Itamar Ben-Gvir, the ultranationalist national security minister, toured the site just days after taking office, drawing a furious reaction from Palestinian leaders.
In one of his first acts as Israel’s minister of national security, the ultranationalist Itamar Ben-Gvir on Tuesday made a provocative visit to a Jerusalem holy site sacred to Jews and Muslims, defying threats of repercussions from the militant group Hamas and eliciting a furious reaction from the Palestinian leadership and condemnations from the Arab world.
The visit under heavy guard to the site — a frequent flash point in the Old City of Jerusalem where past Israeli actions have set off broader conflagrations — was the first by such a high-level Israeli official in years, and passed without incident. But coming two days after Mr. Ben-Gvir took office, it was an early indicator of the difficulties Israel’s new government, its most right-wing and religiously conservative yet, will face in the domestic and international arenas.
The Palestinians and many Muslims in the region view such visits, particularly by Israeli politicians with a nationalist and religious agenda, as part of an effort to alter the status of the site and give Jewish worshipers more rights there. The site is revered by Jews as Temple Mount, the location of two ancient temples, and by Muslims as the Noble Sanctuary, the compound containing Al Aqsa Mosque and other important Islamic shrines.
Mr. Ben-Gvir’s visit took place at about 7 a.m., and lasted for less than 15 minutes. While at the site, Mr. Ben-Gvir said: “The Israeli government will not surrender to a murderous organization, vile terrorist organization,” referring to Hamas.
“The Temple Mount is the most important site in the world to the Jewish people,” he continued. “It is open to everyone. Muslims and Christians come here, and yes, Jews too.”
The Palestinian Foreign Ministry condemned the visit as “an unprecedented provocation” and said it held Prime Minister Benjamin Netanyahu of Israel responsible for what it called a “flagrant assault” on the holy site.
Hamas, the Islamic militant group that controls Gaza, the coastal Palestinian enclave where Israel has fought several wars in recent years, had warned that any visit to the site by Mr. Ben-Gvir would be “a detonator” that would trigger an explosion.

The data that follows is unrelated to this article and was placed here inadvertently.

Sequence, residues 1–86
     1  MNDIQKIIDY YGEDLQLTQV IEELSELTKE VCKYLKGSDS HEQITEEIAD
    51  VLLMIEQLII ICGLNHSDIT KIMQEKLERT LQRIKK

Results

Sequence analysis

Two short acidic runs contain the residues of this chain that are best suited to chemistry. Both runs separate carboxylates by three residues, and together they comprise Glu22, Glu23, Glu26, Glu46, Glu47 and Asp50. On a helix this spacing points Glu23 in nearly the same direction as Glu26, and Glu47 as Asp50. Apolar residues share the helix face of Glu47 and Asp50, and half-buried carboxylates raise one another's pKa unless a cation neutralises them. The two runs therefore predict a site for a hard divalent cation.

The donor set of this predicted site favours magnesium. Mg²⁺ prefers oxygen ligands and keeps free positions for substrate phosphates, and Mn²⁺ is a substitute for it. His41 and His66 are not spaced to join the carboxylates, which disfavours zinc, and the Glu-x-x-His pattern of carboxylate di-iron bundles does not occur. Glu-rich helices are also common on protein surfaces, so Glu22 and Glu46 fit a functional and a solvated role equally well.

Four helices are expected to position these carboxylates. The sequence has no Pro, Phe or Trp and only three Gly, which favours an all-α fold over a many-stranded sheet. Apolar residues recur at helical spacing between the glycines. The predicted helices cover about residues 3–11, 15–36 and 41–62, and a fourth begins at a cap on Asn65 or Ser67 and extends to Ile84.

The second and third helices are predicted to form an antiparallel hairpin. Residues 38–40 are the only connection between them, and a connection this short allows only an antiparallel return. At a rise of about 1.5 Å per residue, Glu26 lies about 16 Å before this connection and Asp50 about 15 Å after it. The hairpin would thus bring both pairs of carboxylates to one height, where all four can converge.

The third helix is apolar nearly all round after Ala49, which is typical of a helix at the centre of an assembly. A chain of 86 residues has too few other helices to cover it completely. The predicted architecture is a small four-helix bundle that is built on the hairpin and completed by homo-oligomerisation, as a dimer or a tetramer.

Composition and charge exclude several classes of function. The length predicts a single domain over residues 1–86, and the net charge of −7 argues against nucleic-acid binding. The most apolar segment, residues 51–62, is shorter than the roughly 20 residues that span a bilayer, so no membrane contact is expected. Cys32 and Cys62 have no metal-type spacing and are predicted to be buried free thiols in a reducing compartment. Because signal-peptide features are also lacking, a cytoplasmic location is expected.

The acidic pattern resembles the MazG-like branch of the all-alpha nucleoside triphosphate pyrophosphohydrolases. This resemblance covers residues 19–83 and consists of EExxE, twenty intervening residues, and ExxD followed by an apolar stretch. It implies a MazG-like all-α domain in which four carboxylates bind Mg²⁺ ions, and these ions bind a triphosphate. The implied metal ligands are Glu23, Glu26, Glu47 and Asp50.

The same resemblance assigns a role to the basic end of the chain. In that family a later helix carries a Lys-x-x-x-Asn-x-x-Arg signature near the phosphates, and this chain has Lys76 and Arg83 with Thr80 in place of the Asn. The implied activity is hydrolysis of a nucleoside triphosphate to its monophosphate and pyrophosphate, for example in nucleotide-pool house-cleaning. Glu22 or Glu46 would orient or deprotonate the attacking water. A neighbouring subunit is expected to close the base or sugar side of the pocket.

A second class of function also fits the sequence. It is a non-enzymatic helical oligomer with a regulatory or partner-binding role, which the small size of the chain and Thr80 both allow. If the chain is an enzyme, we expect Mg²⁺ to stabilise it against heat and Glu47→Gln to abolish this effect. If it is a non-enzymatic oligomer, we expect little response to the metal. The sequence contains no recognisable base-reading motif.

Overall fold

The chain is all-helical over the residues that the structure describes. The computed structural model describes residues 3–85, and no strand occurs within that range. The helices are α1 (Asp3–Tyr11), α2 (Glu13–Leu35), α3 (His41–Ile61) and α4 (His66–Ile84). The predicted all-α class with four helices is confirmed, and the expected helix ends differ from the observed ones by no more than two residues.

Mr. Ben-Gvir’s visit highlighted the uncompromising approach to the Palestinians that has been promised by the new government at a time of growing violence in the occupied territories. Some senior officials have called for the annexation by Israel of the occupied West Bank, territory that the Palestinians see as part of their future state according to the internationally accepted principle of a two-state solution to the Israeli-Palestinian conflict.
On Monday, the new Israeli foreign minister, Eli Cohen, attacked the Palestinian leadership at the ceremony marking his first day in office, saying its members should stand trial at The Hague for war crimes. His remarks came after the United Nations General Assembly voted on Friday to approve a resolution requesting that the International Court of Justice intervene and render an opinion on the Israeli occupation and the state of the conflict.
In 2000, Ariel Sharon, then leader of the opposition, visited the sacred site surrounded by hundreds of police officers in riot gear. That visit was widely credited as a factor that set off the deadly second Palestinian intifada, or uprising, which lasted for several years.
What to Know About Israel’s New Government
- Netanyahu’s Return: Benjamin Netanyahu, Israel’s longest-serving prime minister, returned to power at the helm of the most right-wing administration in Israeli history.
- The Far Right’s Rise: To win election, Mr. Netanyahu and his far-right allies harnessed perceived threats to Israel’s Jewish identity after ethnic unrest and the subsequent inclusion of Arab lawmakers in the government.
- Arab Allies: Mr. Netanyahu’s far-right allies have a history of making anti-Arab statements. Three Arab countries that normalized relations with Israel in 2020 appear unconcerned.
- Worries Among Palestinians: To some Palestinians, the rise of Israel’s far right can scarcely make things worse. But many fear a surge of violence.
The holiest site for Jews, and the third holiest for Muslims, the compound was conquered by Israel during the Arab-Israeli War of 1967. Under an uneasy arrangement that has prevailed for decades under Jordanian custodianship, Jews are permitted to visit, as are non-Muslim tourists, but they are not supposed to pray there. That norm, long enforced by the Israeli police in the interest of preserving public order, has been fraying in recent years.